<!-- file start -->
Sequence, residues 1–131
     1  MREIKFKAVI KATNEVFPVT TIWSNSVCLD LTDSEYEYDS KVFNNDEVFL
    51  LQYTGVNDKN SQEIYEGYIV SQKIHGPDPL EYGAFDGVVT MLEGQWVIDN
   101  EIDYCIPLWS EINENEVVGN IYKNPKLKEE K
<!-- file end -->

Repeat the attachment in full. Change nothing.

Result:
Sequence, residues 1–131
     1  MREIKFKAVI KATNEVFPVT TIWSNSVCLD LTDSEYEYDS KVFNNDEVFL
    51  LQYTGVNDKN SQEIYEGYIV SQKIHGPDPL EYGAFDGVVT MLEGQWVIDN
   101  EIDYCIPLWS EINENEVVGN IYKNPKLKEE K